In rare cases, people feel throbbing in the neck, chest fullness or lightheadedness when the pacemaker sends out impulses. Talk to your doctor about what types of side effects you may expect from your pacemaker.
Rate-responsive pacemakers are often the ideal choice for active people. These pacemakers closely reproduce natural heart rhythms and are able to raise heart rate in response to physical activity. Your doctor can decide how fast the pacemaker should respond and how quickly your heart rate should return to a resting rate.
Strong electric or magnetic fields can interfere with your pacemaker. You can safely use most household and office equipment. And you can usually avoid electrical interference from magnetic or electrical sources by keeping certain things a few inches away from your pacemaker. You should completely avoid things like heavy electrical or industrial equipment.
You may walk through metal detectors (in airports or other security checkpoints) at a normal speed. But avoid standing near or leaning on these systems. Your pacemaker may set off a metal detector, but the security archways will not damage the device. Your doctor will give you a pacemaker identification card to carry at all times. Before you pass through a metal detector, tell the security guards that you have a pacemaker and show them your device identification card.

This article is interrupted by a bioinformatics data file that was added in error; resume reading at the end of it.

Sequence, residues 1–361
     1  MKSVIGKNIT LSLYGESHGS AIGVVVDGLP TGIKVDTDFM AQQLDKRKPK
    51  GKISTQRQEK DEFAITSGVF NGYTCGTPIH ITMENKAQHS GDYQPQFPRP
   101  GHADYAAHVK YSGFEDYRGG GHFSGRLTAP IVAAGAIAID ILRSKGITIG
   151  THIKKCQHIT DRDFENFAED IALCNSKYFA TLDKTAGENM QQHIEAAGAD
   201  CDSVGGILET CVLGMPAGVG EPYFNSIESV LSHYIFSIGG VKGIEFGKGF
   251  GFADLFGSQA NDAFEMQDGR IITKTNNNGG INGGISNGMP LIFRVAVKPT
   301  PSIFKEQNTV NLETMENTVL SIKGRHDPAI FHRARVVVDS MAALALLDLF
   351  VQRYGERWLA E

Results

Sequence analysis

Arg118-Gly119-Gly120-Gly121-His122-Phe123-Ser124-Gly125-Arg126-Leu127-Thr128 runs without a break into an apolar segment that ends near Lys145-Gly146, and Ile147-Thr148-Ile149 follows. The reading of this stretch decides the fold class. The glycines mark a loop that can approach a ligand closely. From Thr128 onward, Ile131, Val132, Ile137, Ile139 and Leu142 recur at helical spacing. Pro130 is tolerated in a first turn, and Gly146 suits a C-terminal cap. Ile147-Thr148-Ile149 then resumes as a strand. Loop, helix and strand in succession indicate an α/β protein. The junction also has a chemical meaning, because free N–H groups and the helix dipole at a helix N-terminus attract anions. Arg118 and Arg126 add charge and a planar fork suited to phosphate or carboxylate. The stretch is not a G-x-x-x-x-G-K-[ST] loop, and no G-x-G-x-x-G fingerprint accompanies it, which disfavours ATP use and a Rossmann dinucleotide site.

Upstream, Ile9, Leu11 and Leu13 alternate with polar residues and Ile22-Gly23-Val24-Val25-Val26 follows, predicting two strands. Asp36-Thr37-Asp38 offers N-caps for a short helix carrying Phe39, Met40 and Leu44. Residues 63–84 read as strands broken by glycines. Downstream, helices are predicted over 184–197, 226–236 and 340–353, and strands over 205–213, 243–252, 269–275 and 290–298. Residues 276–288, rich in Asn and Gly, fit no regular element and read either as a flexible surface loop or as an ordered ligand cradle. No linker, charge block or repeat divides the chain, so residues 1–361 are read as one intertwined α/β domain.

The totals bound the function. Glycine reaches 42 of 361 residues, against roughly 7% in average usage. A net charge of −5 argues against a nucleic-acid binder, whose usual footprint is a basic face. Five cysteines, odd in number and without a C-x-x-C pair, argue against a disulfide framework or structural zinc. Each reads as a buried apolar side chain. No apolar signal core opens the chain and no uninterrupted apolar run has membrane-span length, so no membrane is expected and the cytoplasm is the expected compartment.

If you have a pacemaker, you will not be able to have an MRI (magnetic resonance imaging) test. Before you have any tests or surgery, tell all of the health professionals involved in your care that you have a pacemaker. You may choose to wear a medical alert bracelet that says you have a pacemaker. Experts are trying to make pacemakers that can work safely during an MRI test.In rare cases, people feel throbbing in the neck, chest fullness or lightheadedness when the pacemaker sends out impulses. Talk to your doctor about what types of side effects you may expect from your pacemaker. Rate-responsive pacemakers are... More